Closing Note issued by the Ministry of Communications and Information and the Infocomm Media Development Authority
CLOSING NOTE TO PUBLIC CONSULTATION ON
DRAFT POSTAL SERVICES (AMENDMENT) BILL
PART I: INTRODUCTION
1. The Postal Services Act (PSA) is the legislative framework that governs the regulation of Singapore’s postal sector. Under the PSA, the Infocomm Media Development Authority (IMDA), as the appointed Postal Authority, has the powers to grant or modify licences, issue directions, codes of practice and standards of performance, amongst others, for the conveyance of letters weighing 500 grams or less. IMDA’s functions include ensuring that postal services are reasonably accessible to all people in Singapore, and are supplied as efficiently and economically as practicable.
2. Following a decision to amend the PSA to address market and technological developments, particularly the growth of e-commerce, the Ministry of Communications and Information (MCI) and IMDA conducted a public consultation to seek views and comments on the proposed revisions to the PSA from 2 to 23 December 2020. MCI/IMDA received six responses at the close of the consultation. Please refer to MCI’s website for the full list of respondents and their submissions1.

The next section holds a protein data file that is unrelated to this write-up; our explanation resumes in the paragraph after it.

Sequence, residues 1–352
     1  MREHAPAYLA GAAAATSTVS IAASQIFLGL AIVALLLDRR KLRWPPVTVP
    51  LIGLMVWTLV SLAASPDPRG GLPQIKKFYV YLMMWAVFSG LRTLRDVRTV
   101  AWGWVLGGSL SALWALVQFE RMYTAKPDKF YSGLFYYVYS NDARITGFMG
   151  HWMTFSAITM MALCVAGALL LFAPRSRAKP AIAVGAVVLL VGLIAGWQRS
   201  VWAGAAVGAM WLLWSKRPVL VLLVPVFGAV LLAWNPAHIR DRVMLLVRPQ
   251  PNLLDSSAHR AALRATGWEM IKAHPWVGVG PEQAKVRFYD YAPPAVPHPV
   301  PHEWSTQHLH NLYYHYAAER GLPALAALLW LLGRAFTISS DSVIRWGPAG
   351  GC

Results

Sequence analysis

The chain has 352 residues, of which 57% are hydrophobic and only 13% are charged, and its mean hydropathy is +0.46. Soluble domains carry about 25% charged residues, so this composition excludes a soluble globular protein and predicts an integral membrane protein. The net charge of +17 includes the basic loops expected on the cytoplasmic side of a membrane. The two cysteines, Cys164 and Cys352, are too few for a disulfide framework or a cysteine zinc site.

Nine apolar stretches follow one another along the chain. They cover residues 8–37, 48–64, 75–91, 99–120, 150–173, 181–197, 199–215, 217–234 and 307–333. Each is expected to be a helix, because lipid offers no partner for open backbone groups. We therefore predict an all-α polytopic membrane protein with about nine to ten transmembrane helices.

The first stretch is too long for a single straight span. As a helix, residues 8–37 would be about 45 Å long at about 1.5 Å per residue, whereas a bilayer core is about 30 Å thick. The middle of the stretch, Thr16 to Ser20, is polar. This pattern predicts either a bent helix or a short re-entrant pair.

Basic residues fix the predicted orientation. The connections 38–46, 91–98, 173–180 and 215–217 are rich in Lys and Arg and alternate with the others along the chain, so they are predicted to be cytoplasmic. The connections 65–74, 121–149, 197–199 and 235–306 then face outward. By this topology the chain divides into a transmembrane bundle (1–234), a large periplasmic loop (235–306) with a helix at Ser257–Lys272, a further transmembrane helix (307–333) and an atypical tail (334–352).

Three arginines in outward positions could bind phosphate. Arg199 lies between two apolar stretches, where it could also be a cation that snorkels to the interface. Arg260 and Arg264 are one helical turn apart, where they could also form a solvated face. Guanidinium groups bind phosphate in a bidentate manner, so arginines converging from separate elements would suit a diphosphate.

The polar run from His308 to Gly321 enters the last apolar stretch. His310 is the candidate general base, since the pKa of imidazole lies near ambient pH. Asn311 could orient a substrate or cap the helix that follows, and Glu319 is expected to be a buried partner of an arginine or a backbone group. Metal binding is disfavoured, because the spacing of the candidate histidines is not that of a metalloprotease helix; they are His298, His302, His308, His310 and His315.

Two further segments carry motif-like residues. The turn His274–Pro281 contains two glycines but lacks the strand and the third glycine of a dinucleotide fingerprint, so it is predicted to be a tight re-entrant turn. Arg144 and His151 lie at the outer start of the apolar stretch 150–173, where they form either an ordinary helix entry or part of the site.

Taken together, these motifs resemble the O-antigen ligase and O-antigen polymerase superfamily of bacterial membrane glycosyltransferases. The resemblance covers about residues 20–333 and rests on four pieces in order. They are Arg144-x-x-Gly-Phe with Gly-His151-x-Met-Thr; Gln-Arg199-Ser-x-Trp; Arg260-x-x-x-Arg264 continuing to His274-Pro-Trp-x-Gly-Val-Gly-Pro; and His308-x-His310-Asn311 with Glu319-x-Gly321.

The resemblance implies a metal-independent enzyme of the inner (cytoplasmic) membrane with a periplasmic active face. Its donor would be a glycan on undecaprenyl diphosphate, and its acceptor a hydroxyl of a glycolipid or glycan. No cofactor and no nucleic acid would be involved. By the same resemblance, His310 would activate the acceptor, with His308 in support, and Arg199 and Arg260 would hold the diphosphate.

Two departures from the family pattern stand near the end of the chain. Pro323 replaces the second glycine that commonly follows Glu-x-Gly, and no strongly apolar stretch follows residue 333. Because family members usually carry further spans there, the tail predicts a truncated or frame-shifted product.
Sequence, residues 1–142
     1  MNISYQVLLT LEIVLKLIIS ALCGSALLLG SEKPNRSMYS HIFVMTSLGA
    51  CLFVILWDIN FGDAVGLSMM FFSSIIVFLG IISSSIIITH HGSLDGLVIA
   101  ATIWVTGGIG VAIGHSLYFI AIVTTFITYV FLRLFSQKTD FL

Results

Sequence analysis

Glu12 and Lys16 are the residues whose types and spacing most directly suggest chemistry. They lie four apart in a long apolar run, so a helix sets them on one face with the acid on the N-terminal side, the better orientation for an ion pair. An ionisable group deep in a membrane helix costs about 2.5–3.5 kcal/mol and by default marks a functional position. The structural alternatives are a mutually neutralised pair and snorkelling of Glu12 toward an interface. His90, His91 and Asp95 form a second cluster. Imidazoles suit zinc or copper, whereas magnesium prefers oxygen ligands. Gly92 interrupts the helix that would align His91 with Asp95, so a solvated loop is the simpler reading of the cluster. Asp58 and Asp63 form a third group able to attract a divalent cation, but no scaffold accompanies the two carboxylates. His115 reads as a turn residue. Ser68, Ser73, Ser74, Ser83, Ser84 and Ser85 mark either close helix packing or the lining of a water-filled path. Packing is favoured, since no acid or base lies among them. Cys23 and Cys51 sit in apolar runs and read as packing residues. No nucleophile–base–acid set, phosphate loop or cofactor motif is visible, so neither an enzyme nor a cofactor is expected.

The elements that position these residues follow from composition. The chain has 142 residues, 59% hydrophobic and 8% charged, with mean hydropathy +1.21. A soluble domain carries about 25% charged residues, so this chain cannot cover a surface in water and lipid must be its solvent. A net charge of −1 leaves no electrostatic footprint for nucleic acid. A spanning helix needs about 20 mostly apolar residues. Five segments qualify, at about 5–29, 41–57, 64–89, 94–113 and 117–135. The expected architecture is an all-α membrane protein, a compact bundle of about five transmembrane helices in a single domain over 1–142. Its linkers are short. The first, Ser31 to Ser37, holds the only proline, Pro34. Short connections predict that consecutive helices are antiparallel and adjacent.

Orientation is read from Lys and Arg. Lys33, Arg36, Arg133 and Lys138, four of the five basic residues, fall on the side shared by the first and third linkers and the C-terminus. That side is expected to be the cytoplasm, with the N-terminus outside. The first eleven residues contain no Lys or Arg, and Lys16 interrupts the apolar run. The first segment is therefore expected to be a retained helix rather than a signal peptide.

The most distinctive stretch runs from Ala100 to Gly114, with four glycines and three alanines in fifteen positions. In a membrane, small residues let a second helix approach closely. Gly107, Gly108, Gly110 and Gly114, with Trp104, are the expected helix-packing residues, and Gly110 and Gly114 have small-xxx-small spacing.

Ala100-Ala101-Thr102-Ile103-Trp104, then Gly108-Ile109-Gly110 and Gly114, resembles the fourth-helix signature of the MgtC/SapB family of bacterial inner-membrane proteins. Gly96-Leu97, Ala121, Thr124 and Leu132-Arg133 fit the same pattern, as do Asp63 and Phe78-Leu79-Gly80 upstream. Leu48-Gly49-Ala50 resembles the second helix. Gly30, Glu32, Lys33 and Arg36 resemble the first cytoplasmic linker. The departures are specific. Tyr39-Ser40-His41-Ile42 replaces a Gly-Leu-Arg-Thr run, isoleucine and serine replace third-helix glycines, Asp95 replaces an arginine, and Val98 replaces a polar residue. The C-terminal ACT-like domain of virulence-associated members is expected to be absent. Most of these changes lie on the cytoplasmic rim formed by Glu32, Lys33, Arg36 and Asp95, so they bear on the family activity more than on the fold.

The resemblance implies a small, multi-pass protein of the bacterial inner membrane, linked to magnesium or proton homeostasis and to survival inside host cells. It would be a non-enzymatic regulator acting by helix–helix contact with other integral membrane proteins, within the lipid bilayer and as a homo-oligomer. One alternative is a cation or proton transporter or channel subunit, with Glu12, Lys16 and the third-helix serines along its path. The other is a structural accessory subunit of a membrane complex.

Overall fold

3. Overall, respondents were generally supportive of the draft Postal Services (Amendment) Bill (Bill) as the proposed amendments will facilitate the deployment of a nationwide parcel locker network (Network), and add clarity to IMDA’s existing regulatory powers.
4. MCI/IMDA have taken into account and given thorough consideration to all the submissions relevant to the draft Bill. In this document, MCI/IMDA will address the key revisions to the Bill arising from respondents’ feedback. For feedback provided that did not result in key revisions and/or are more specific, operational or clarificatory in nature, MCI/IMDA may separately engage the respective respondents, where relevant.
PART II: SUMMARY OF KEY REVISIONS ARISING FROM PUBLIC CONSULTATION FEEDBACK
Revisions to provide the Postal Authority with the powers to own and operate the nationwide parcel locker network at specified premises and appoint a public parcel locker network operator
(I) Definition of “parcel”